5G Implications on the Network Core: Moving Beyond Vagaries

Peter Jarich

Peter Jarich – VP, Consumer Services and Service Provider Infrastructure

Summary Bullets:

  • The deployment of 5G networks will require innovation in the radio access network (RAN) as well as the network core. Most discussions of 5G network transformations, however have focused on the RAN alone.
  • Outside of the RAN, 5G will require changes to the mobile core, SDN/NFV implementations, OSS/BSS, analytics, orchestration, self optimizing networks (SON) and cloud systems. Executing on those changes successfully will require service providers to begin identifying (and messaging) their requirements.

Founded in 1991, ETIS bills itself as “The Community for Telecom Professionals.” What this translates into is an information sharing organization bringing together telecom service providers to tackle pressing issues along diverse business lines and business imperatives: Procurement, Innovation, OSS/BSS, Business Intelligence, CIO.  Current Analysis has been fortunate to work with ETIS for several years.  This year, we joined their Community Gathering in Zagreb (October 13-14) to talk about 5G – specifically, the impact 5G will on telecom networks beyond the RAN.  You can find a a copy of our presentation here.

5G RAN innovations have gotten a lot of attention from vendors and telecom service providers, and with good reason; a new air interface, new spectrum bands (mmWave) and new spectrum architectures (unlicensed / shared) all point to the need for critical new RAN R&D and RAN solutions. Yet if we recognize that 5G will be more than just the radio access network, we need to acknowledge the need for 5G-oriented core network innovations as well.

These core network innovations will build on key 5G use cases (massive IoT, critical communications, and enhanced mobile broadband).  And while they’ll introduce some new capabilities (like network slicing), they will largely build on existing network functions and assets given the evolution to 5G from today’s 4G (through 4.5G) networks.  Think the mobile packet core, SDN/NFV, SON, analytics, and OSS/BSS.  Yet even where these capabilities and technologies exist today, 5G use cases, and the network architecture changes they usher in, will drive them to develop in new ways.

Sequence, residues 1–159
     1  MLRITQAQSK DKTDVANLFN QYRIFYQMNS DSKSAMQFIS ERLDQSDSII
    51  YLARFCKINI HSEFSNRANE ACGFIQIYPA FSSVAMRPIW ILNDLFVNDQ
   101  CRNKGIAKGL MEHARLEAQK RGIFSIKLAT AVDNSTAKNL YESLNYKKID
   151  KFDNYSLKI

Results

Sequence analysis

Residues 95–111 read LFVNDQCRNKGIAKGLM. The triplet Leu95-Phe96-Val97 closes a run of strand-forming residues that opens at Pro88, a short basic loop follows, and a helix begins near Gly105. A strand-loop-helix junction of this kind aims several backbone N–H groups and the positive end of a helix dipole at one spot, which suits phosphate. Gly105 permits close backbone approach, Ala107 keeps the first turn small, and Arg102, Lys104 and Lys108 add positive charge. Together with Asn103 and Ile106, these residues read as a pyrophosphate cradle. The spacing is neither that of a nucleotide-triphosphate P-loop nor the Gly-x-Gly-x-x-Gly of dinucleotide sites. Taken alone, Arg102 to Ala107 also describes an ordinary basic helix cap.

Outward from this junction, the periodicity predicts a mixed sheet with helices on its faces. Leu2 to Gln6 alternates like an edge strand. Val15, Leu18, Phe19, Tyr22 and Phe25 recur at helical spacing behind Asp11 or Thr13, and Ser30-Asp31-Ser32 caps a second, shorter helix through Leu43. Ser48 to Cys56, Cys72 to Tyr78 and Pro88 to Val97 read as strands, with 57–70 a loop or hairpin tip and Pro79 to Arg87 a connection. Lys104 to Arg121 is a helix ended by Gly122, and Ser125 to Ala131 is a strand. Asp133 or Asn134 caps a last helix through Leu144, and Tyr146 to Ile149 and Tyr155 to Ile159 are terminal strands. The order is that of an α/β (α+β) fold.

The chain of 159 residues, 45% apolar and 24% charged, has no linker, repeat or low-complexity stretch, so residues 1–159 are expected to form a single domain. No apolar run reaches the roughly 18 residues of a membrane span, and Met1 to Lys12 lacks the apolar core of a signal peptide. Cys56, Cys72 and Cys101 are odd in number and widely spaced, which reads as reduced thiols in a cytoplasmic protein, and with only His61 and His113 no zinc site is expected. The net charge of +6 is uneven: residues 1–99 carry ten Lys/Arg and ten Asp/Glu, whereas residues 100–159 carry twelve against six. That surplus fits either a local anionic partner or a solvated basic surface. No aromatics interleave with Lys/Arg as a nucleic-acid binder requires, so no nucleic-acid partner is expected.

Consider SON functionalities (something we consider as a part of the core, given linkages to OSS).  To execute on 5G network densification, SON systems will need to handle many more RAN elements, not to mention the transport links serving them.  Just as importantly, they will need to address the interaction between diverse spectrum types and dynamically support diverse applications – ensuring that needed capacity is available when and where it’s needed for critical communications.  The basic SON tenets may remain the same, but the capabilities of SON systems will need to evolve immensely.  This will be just as true for SDN and NFV, OSS/BSS systems, analytics, etc.

Beyond looking at any individual technology through a 5G lens, however, there’s a larger point here.  Service providers need to begin thinking about 5G in the context of the network core very soon.  5G is on track to arrive much sooner than originally expected.  Before that, 4.5G will begin introducing 5G-like capabilities and requirements. More than just thinking about the core network requirements 5G implies, then, service providers need to identify specific requirements and begin actively engaging with their network vendors (as well as new ones) around these requirements, messaging them in the way they have with RAN technologies.

If 5G truly is about enabling new business models for service providers (in the way 4G was supposed to be), it cannot involve RAN innovation alone.  That’s not news.  However, to execute on its promise, the conversation around 5G needs to begin including core network considerations much more going forward, and soon.

 

About Peter Jarich
Peter is Vice President for the Current Analysis Consumer and Infrastructure services. Peter and his analyst team monitor and evaluate activities in the markets for Consumer Services and Devices, Digital Media, Fixed Access, IP Services, Mobile Access, and Transport and Routing Infrastructure, Telecom Vendor Services, and overall coverage of the Mobile Ecosystem.

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